If your student loan debt dues are difficult to pay and you find it hard to make payments under the standard repayment plans, consider the other plans available out there. You can qualify for the loan based on the income you earn and the loan type you have chosen.
Can the repayment plan change if the income rises?
If yes, you can go for the Graduated Repayment plan. The options regarding your payments will begin at a lower rate and get high as you go further with this plan.
Getting long term relief
If you are looking for it then you can go for extending your repayment plan or any IDR plans whichever has a longer repayment term. You can go for an Extended Repayment plan as they offer loan terms up to 20 - 25 years.
Working towards forgiveness
If you are going towards the Public Service Loan Forgiveness Program (PSLF), then you have some repayment options such as IBR, PAYE or REPAYE which will help you earn the forgiveness.
Choosing the right plan will help you determine the monthly payments without disrupting your needful expenses. A good point to consider is that - in the long run, the lower monthly payments will cost you more due to the interest.
If you have a private student loan and are looking for the relief, you need to talk with your loan servicer. They may offer you a temporary forbearance in case of economic hardship.
If you are having issues on making your repayment dues, then the lender may suggest some programs which can help you. Contact your lender to get more information on the options you have.
This option is provided by many lenders where your monthly payments will be on hold for a short period of time if you are going through financial problems. Forbearance gives the borrowers time to restabilize their financial situation.
Discharge on Death and Disability
Many lenders provide discharge on the private student loan for unforeseen circumstances. Discharge is usually given in cases where the borrower has a total and permanent disability or even in times of death of borrowers.
Student loans can be of tremendous help in aiding the college education of aspiring students. At the same time, if loans are taken recklessly and without a prior calculation of its effects on the financial status of students and their future, it could result in damage of their career with its debts in interests. So it is important for you to educate yourself thoroughly before taking any kind of student loan.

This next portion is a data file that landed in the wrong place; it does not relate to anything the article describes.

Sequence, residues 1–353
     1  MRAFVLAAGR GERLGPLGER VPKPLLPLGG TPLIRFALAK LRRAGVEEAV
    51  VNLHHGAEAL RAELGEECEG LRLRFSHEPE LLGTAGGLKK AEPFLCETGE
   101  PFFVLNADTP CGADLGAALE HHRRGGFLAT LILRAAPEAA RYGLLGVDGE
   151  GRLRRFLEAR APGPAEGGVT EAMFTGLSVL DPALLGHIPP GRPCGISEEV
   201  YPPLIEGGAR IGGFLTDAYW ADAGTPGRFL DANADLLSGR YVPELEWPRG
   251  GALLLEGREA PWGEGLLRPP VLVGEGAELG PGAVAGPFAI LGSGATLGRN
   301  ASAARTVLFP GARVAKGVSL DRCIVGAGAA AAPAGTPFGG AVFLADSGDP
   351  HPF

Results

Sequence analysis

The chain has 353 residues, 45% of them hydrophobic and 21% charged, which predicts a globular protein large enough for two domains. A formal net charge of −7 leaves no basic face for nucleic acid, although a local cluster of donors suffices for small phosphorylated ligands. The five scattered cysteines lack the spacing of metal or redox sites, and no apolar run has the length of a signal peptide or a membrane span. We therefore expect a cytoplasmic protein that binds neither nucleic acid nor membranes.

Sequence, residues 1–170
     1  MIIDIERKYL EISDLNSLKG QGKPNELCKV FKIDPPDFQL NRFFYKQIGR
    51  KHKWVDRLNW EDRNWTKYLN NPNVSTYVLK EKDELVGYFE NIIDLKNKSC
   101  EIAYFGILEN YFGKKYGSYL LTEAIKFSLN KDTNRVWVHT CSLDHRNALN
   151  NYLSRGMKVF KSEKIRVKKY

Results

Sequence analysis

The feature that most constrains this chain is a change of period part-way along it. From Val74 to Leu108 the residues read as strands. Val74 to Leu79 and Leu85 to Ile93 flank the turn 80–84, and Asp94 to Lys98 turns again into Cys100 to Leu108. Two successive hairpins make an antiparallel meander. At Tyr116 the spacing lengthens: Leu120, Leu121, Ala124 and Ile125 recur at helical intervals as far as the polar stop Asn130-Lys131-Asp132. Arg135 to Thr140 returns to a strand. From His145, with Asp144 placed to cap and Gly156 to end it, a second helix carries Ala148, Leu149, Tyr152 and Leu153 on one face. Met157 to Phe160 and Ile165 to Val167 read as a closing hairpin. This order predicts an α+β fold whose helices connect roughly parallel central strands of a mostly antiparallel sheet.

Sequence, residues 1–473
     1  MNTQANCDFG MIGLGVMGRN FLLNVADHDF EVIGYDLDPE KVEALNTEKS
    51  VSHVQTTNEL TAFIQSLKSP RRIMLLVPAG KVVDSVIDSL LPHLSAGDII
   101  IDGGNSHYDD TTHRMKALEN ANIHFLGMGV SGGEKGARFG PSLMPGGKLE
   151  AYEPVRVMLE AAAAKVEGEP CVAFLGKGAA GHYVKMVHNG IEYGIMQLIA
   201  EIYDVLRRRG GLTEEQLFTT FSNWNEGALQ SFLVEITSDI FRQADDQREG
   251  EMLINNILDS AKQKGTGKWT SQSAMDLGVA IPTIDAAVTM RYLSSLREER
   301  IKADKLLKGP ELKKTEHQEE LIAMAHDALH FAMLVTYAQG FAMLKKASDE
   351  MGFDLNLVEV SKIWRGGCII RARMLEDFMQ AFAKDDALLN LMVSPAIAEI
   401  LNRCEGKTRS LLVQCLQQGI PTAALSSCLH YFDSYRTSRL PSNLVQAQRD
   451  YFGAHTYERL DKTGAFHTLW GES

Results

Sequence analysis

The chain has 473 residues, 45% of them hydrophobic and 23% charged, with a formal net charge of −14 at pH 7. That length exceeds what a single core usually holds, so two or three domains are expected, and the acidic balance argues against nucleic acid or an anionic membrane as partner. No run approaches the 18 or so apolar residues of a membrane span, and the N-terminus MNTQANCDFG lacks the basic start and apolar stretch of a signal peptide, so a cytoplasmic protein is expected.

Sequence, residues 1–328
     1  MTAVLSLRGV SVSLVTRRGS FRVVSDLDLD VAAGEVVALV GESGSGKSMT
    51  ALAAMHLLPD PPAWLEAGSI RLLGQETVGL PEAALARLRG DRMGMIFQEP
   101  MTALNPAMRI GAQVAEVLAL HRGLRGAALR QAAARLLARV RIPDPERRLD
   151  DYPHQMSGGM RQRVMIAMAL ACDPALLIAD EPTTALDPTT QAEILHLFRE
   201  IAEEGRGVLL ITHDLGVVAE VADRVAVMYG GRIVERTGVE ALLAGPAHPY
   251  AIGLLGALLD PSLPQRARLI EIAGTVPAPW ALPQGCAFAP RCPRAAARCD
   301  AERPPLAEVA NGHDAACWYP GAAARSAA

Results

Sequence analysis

To help you make decisions we have curated a few factors and points that you must consider while planning for your student loan. This list is not exhaustive and must be used only as general guidelines. You must take up the loans according to your personal situation.
Go for Federal student loan
If you are really in need of the money, but the amount is not very huge, then go for the Federal student loans as its less expensive, easier to manage and becoming eligible for it is easy. It has other perks too like repayment options, no requirement of co-signer and more.
Student loan forgiveness programs
If you get to qualify for Federal Public Service Loan Forgiveness program (PSLF), it will get your loan canceled after you make a qualifying 120 payments while you are stationed in a full-time public service job.
Look for other benefits
Before you get into the loan, try to do research and focus on the non-loan funds available like scholarships and tax benefits on the education, which will also get you to help in the tuition installment plans. It might be a reasonable alternative to long term debts.
Employee reimbursement programs
Some employers offer assistance on the tuition and student loan repayment program, and both are meaningful to the employee. Around 4% of employees have student loan repayment assistance offered from their company. Point to keep in mind is that student loan reimbursement is considered taxable income.
Avoid excess loan amount
The great way to overcome the unmanageable student loan debt is to only get the money that you need and never take more than the required loan amount. The money you have taken needs to be repaid back and it's going to cost you more. So, be aware of the amount that you are looking to borrow.
There are a lot of lenders who provide your interest rate at a reduction level between 0.25% to 0.50% once you get into the auto-debit option. The monthly payment is automatically debited from your account. It will save around $300 as interest for an every $10,000 with a 10-year repayment term and $200 in term of 20 years repayment term.
Pay when you are in school
A great way to reduce the student loan debt is to pay the interest on an unsubsidized loan while you are in school and grace period to avoid the loan growth. Unsubsidized Federal Loan allows the borrower to defer the payment while they are in school but the Subsidized loans are taken care by the government when you are in school, which means the interest is covered by the government.
For graduate students, their interest accrued on the Federal Student Loan is their responsibility and same is the case for private student loans. By paying them in advance you can avoid the interest getting increased from 15% to 20% from the starting time.
If you are facing problems with your repayment of student loan it's better to notify the lender as soon as possible. They might give you a temporary deferment or forbearance based on the qualification.
You can discuss the income-driven repayment options with them and leverage the forbearance or deferment without getting any damage to your credit score.